By Félix V. Matos Rodríguez
When I was president of Queens College and Hostos Community College, I used to go off campus for an occasional work breakfast or lunch. I was always amazed how hard it was to find a quiet table.
The delis and ethnic restaurants were teeming with college folks—faculty, staff, visitors and students, a small yet vivid reminder of CUNY’s vital role as a wellspring of economic activity in neighborhoods across the city.
CUNY colleges have always been a sound investment, for the students who are able to get a top-notch education and for the local businesses that benefit from the many services our campuses procure: from computers to furniture, construction services, cleaning materials and even food for the cafeterias.
Now, two economic impact studies released this month go further, spelling out CUNY’s unparalleled ability to create a positive financial impact, both locally and on the broader regional economy, while generating a tremendous return on investment for students, taxpayers and society.
The City College of New York, the oldest among the 25 colleges that make up CUNY, added $1.9 billion of value to the New York region in fiscal year 2017-18 through the cumulative economic effect of its operations, research, construction and student and alumni activities—the equivalent of generating 16,760 jobs, according to one of the studies from the labor analytics firm Emsi.
In the second study, released this week and covering the same time period, Emsi determined that Queens College generated $1.8 billion in economic benefit, supporting the equivalent of 16,862 jobs.
Other CUNY schools will likely be assessed for their economic impact in the future, but we can already conclude that CUNY’s 25 colleges together add billions to the local economy, a staggering impact that well transcends that of each campus and its surroundings. We are also proud of our robust business partnerships with hundreds of Minority and Women-Owned Businesses.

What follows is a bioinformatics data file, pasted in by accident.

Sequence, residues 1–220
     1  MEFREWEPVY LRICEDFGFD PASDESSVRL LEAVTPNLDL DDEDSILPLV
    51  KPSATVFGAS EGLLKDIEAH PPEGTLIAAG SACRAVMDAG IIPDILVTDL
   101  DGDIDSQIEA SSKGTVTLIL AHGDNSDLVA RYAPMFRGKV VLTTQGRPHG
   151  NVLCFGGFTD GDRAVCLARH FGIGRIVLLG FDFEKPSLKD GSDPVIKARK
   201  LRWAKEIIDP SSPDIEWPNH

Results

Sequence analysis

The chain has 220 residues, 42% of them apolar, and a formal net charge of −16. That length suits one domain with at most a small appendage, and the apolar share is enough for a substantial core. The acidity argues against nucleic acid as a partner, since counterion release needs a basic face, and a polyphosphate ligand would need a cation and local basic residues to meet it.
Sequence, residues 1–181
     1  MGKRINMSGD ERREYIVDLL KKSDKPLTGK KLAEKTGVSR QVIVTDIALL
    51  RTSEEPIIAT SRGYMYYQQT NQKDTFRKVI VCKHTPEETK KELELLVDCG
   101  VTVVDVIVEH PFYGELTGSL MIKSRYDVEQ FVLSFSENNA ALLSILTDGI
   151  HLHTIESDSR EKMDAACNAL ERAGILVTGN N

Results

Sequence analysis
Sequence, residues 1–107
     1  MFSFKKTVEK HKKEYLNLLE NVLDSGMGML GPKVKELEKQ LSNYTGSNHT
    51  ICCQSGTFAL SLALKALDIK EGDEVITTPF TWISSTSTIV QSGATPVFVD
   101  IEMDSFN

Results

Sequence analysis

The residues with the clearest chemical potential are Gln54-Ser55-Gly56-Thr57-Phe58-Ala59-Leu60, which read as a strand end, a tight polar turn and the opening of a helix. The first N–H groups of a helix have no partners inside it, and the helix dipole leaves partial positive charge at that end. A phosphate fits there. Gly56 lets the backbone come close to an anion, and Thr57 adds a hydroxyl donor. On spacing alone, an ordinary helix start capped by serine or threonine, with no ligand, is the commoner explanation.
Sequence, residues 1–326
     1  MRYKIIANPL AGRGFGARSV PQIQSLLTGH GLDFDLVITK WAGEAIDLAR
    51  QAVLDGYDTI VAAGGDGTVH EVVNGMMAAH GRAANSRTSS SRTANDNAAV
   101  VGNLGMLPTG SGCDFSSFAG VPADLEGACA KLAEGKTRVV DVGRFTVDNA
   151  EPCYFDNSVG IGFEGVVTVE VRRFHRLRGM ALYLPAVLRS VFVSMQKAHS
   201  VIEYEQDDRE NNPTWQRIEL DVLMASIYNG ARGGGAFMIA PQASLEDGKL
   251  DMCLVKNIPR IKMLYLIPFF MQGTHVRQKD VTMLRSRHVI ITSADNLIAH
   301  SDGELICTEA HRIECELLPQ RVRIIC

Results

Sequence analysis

Breaking down the total contributions of CCNY and QC, the studies highlighted the impact of the schools’ proud alumni, whose employment value generated a combined $3 billion in value. Further, the schools’ combined operations spending added approximately $564 million to the local economy. And for every dollar of public money spent educating students at CCNY and QC, taxpayers see a return of $3 to nearly $5 over the course of the students’ working lives.
These studies confirm the indispensable value of the nation’s premier urban university. CUNY is both the American Dream Machine, propelling students from humble means to the middle class, and one of the region’s key drivers of economic activity.
I’m always pleased when parents and students come seeking my advice on how they can benefit from CUNY’s academic programs; I’m also pleased when I meet New York entrepreneurs and small business owners who want to do business with CUNY. It is a little-acknowledged role of the University, but one of great importance to the economic vitality of our City and State.
Félix V. Matos Rodríguez is the chancellor of the City University of New York, the nation’s largest urban public university, serving over 500,000 students of all ages in seven community colleges, 11 senior colleges and seven graduate or professional institutions. Visit cuny.edu.